By Ruthie Iida
In the heat of July and August, a determined-looking middle-aged woman burdened with an oversized backpack pulled a small rolling suitcase through the crowds in Shinjuku. She hefted the suitcase up and down multiple concrete staircases in Tamachi and Mita and clung to it protectively on narrow escalators packed with businessmen. The woman was me. I was navigating the city of Tokyo, where I stayed during the week in order to attend classes and study for my master’s degree in TESOL.
I began the program last May and finished up this past August, which is like ordering a large juicy hamburger with everything on it – onions, tomatoes, cheese, avocado, bacon – and wolfing it down in three minutes flat. The director of the program and the kind ladies at the graduate office didn’t use that analogy, but they were dubious about my living far from Tokyo and packing so much study into a short period of time. Their doubt did not deter me, as I was dead-set on making a change in my life and one year was the longest vacation I felt I could take from my full-time job. My husband agreed to foot the bill (“Think of me as your third child!” I told him, flashing what I hoped was a winsome smile) and also to let me stay in Tokyo three nights during the week so I would not waste study time commuting back and forth to the city. According to some friends, none of this was either sensible or practical.
Potential impracticality has never stopped me from trying something I was determined to do, but on the other hand, going against general disapproval does raise the bar: no-one wants to fail publicly when others have advised them to do things differently from the start. And so I knew that once I began my course of study, pride would not allow me to bail out of the program before finishing. What I did not anticipate, however, was that pride would also work against me at times. And that humility is not easy to cultivate when you’ve been the boss of your own language school for 16 years.
So, what was it like being a student again after a 29-year academic hiatus, and why did my pride fail me? Well from the beginning, I had to come to grips with the fact that writing academic papers is all about precision, not eloquence, and that was painful. As a former English literature major, I had spent years cultivating a certain writing style which just wasn’t working for me anymore. I was adrift in a different genre. For one thing, my writing was not formal enough. And I kept trying to be funny, which wasn’t appreciated, either. I found it difficult to describe or even think of theories as “robust” (robust was a milkmaid, right?), to think of language as “input” (which can be impoverished, rich, or even deviant), or to imagine that my students might suddenly have “language-related episodes” (Would they keel over? Would they speak in tongues?). And I was always over the word count.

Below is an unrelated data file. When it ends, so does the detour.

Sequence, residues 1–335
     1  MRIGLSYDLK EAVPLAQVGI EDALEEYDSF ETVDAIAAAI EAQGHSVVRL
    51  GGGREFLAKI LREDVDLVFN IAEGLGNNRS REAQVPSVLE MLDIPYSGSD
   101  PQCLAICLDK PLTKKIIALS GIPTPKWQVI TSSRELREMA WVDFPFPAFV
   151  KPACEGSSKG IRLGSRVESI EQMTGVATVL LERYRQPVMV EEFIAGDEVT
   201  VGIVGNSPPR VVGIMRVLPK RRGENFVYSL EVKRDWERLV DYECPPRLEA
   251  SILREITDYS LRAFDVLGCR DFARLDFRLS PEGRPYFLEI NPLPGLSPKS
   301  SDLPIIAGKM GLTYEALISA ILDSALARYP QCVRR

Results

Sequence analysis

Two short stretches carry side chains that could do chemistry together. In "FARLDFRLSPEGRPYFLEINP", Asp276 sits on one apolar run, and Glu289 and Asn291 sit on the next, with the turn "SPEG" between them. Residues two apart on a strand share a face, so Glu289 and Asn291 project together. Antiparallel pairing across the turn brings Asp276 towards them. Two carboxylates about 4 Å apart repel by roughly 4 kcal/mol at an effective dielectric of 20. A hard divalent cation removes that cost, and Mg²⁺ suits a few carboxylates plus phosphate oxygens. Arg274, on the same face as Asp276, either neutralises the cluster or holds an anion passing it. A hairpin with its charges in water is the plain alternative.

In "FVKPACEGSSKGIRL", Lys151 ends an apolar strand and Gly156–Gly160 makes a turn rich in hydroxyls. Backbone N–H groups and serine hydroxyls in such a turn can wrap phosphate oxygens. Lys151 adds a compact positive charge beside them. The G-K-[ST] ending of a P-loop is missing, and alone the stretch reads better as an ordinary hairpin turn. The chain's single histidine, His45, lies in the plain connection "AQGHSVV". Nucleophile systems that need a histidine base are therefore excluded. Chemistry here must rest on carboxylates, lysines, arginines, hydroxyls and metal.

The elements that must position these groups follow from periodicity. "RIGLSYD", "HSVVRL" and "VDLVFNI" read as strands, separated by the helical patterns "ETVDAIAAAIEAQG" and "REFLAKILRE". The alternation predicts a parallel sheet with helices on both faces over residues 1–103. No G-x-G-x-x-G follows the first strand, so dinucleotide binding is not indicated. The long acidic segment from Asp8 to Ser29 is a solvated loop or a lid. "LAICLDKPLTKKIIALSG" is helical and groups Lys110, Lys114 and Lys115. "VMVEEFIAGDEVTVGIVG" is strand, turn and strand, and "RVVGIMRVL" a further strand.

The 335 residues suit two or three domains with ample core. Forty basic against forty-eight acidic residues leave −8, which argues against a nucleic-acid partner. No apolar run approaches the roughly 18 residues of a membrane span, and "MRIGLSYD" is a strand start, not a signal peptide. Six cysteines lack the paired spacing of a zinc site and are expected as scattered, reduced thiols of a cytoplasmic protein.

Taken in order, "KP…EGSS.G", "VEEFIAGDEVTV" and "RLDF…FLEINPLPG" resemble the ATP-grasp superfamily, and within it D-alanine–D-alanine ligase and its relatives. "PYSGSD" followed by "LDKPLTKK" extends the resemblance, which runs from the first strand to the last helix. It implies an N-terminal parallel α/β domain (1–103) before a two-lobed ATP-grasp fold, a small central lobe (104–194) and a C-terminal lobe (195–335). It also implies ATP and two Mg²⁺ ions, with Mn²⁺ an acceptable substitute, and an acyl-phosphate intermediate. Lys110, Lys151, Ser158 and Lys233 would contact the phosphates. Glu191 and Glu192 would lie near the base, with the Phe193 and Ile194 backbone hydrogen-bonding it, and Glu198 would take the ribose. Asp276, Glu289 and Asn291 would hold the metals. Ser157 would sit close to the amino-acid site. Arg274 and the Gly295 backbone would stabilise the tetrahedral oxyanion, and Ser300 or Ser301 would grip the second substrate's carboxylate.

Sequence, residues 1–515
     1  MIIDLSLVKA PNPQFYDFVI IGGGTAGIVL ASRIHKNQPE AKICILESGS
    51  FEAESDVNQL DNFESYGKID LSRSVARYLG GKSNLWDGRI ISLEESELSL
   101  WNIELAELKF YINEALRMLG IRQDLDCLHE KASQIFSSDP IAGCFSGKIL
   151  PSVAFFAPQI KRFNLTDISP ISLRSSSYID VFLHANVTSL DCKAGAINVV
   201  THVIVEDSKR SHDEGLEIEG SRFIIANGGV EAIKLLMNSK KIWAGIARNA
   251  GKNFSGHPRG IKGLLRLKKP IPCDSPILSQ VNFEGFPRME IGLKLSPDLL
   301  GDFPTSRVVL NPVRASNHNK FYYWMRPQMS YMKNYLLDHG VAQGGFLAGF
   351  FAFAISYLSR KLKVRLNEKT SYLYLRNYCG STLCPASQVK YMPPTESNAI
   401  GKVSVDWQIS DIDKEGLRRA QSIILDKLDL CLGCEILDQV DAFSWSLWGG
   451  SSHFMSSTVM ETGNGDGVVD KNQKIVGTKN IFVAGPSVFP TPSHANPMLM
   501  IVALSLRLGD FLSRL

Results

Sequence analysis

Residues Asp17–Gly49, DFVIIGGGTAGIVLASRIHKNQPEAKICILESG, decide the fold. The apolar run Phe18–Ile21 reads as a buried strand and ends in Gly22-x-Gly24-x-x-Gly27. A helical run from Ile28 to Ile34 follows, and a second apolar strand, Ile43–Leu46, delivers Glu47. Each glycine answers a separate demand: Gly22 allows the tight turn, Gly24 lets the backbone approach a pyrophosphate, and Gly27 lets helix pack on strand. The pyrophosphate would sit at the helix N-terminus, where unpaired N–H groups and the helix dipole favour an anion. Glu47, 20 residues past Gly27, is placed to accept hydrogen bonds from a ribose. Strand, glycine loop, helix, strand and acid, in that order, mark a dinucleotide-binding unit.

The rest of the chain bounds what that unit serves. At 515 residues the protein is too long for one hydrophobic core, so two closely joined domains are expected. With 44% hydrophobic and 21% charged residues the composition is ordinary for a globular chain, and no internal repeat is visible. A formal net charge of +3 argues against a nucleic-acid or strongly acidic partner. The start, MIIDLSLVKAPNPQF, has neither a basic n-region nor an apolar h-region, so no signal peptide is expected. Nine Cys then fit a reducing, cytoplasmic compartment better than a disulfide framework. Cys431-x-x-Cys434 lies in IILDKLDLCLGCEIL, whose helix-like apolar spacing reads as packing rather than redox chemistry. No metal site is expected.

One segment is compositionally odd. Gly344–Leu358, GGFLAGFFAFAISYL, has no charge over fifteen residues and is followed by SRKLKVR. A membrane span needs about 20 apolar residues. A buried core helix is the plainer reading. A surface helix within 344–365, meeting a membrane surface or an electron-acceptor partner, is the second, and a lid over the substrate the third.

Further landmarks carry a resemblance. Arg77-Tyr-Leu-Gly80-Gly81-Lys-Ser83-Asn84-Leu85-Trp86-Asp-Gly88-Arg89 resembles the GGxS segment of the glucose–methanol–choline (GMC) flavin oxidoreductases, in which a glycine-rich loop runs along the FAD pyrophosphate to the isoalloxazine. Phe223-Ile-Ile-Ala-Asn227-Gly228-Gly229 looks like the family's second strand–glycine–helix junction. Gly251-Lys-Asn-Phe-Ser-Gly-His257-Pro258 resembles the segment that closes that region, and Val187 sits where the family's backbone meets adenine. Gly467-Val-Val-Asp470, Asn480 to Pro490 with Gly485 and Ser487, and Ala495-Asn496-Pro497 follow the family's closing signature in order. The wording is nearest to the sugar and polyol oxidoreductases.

But somewhere along the line, I got the hang of academic writing: it is precise, and precision is a different kind of eloquence. I learned to write swiftly and accurately, collecting my thoughts as I wrote, whipping off multiple neatly-crafted essays in a three-hour test period. That was a new kind of energy for me, resulting in a new kind of exhaustion at the end. I knew that I had chosen wisely to stay in Tokyo during the week, rather than pushing myself to make the long commute back home in the evenings. As I gained confidence and academic know-how, I began to fully engage in my classes, to feel competitive, and to raise my eyebrows at less serious students who ventured comments like, “Don’t you think we have too many readings?”
I loved every paper I turned in. Well, nearly all of them. And I loved the crazy three hour essay tests that demanded on-the-spot creativity, combined with organizational and analytical skills. Above all, I loved the content: I was writing about language acquisition and about pedagogy, both of which I feel passionate about. So it was crushing when many of those papers and tests came back with very little feedback. Or, in the case of my comprehensive exam – the equivalent of a thesis – no feedback at all. The test was not even returned. I did receive a typed letter from the director of the graduate program congratulating me on passing, but that is not feedback. “The exam was like giving birth!” I protested to my professor. “I want the baby back, and I want someone to tell me how beautiful she is!”
Yet even as I threw dignity to the wind in demanding the return of my exam, I knew that it was not going to happen. Mid-protest, I had already begun swallowing my disappointment and trying to recall the (brilliant?) ideas I’d had while writing so they wouldn’t be lost forever. And I did let go, reasoning, “I’m here as a teacher. Lesson learned: I won’t do this to my own students. All who work hard deserve feedback.” Thinking of the little ones waiting for the re-opening of my language school, I was able to squash the last vestiges of my pride and move on. Alright, I know objectively that there is at least a fraction of a small vestige left, but I’m okay with that.
The final word: if you’re considering graduate school, go with the awareness that no program and no institution is going to be perfect. You will, however, grow and mature wherever you study. It entails risk, sacrifice, and the cultivation of humility, but you’ll emerge from the experience both wiser (you can’t help but learn something) and humbler (because learning is never straightforward). I’d do it again in a heartbeat.